Former Presidents Barack Obama, George W. Bush, Bill Clinton and Jimmy Carter feature in national ad campaigns launched Thursday in a bid to boost shaky public confidence in Covid-19 vaccines, which has been undermined by speedy development and months of politicization—Donald Trump, who was vaccinated in secret after previously claiming he was “immune” to the virus and takes credit for the vaccines’ development, was the only living former president not to participate.
Former presidents collaborated on a pro-vaccination ad campaign.
The “It’s Up To You” campaign, which also features former First Ladies Michelle Obama, Laura Bush, Hillary Clinton and Rosalynn Carter, released two national ads Thursday encouraging Americans to get vaccinated.
In a minute-long video featuring all but the most recent former presidents and first ladies, all were shown receiving an injection while wearing a facemask—all had previously vowed to do so in the public eye to bolster public confidence.
“I’m getting vaccinated because we want this pandemic to end as soon as possible,” Carter said, with Bush urging Americans to “roll up your sleeve and do your part.”
“We’ve lost enough people and we’ve suffered enough damage,” Clinton said.
In a 30-second video of the three most recent former presidents (barring Trump) shot outside at Arlington National Cemetery in Virginia, Obama said the vaccines are the “first step to ending the pandemic and moving our country forward.”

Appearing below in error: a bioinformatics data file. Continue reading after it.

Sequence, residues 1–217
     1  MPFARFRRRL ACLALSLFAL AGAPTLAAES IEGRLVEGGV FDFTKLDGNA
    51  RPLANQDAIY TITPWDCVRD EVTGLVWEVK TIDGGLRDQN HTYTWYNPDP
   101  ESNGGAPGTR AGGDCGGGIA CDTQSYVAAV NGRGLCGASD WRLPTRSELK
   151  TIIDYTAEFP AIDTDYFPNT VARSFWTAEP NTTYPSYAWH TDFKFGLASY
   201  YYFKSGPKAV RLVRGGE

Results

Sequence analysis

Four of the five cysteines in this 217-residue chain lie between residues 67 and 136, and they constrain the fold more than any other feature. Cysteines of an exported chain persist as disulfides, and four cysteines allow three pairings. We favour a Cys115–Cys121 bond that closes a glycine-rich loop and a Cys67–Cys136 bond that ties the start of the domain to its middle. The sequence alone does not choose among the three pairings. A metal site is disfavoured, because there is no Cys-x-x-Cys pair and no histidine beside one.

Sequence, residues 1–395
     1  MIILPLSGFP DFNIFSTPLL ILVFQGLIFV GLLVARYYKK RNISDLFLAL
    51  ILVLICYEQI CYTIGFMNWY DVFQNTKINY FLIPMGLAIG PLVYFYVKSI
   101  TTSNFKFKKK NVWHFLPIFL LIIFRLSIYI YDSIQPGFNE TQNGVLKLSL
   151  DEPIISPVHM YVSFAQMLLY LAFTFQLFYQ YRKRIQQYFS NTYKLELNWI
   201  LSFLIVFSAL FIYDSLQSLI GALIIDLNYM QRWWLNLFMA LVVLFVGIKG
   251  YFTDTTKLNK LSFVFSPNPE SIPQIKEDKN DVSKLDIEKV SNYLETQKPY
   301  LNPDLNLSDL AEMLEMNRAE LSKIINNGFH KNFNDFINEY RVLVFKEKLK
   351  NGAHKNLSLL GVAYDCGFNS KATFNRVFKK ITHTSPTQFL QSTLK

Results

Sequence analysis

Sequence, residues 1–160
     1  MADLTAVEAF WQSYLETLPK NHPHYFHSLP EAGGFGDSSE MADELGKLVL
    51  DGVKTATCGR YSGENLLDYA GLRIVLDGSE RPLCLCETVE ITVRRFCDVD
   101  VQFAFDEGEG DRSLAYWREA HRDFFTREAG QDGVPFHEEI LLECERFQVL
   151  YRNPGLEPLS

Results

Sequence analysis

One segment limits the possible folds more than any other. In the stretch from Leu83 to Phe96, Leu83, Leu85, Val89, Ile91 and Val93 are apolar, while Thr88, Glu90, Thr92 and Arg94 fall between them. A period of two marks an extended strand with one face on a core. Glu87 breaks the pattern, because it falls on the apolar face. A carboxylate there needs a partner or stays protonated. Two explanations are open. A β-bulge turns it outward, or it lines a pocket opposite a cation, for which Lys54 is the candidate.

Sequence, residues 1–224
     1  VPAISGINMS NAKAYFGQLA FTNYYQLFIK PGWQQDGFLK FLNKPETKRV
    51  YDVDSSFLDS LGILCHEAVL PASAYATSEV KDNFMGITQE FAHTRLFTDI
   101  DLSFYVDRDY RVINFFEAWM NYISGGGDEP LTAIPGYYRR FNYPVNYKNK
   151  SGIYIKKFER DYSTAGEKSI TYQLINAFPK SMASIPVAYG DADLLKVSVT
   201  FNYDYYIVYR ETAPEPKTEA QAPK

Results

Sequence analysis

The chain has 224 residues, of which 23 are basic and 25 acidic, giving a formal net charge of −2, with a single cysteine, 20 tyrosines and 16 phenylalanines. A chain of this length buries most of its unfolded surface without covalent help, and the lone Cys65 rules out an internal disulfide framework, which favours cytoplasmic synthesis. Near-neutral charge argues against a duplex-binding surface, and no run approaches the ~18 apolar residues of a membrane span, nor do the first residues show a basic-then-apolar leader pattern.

Bush said “the science is clear: these vaccines will protect you and those you love from this dangerous and deadly disease,” with Clinton telling Americans “they could save your life.”
Vaccine hesitancy is a big problem in the U.S. and hampering efforts to tackle the pandemic. Partisan politics, which pervaded the vaccines’ development and the pandemic response as a whole, plays a part, hence the mostly concerted effort by former presidents to change public perception. A recent survey found that one in four Republicans ‘definitely’ won’t get a vaccine and there are even reports of large numbers of healthcare and other frontline workers refusing it, with many citing concerns over safety, side-effects and the government’s handling of the vaccines’ development. In line with the majority of his predecessors, President Joe Biden received his vaccine on camera.
What We Don’t Know
It remains to be seen how far such messages of unity can go without the support of Trump who divisively oversaw the Covid-19 crisis and claims credit for the development of the very vaccines being rolled out. Unlike his predecessors, Trump was quietly vaccinated in January without fanfare. But Thursday’s effort builds on Obama, Bush and Clinton’s push in December to boost vaccine confidence by volunteering to get the vaccine in public, an effort made in the final month of Trump’s presidency.
This content was originally published here.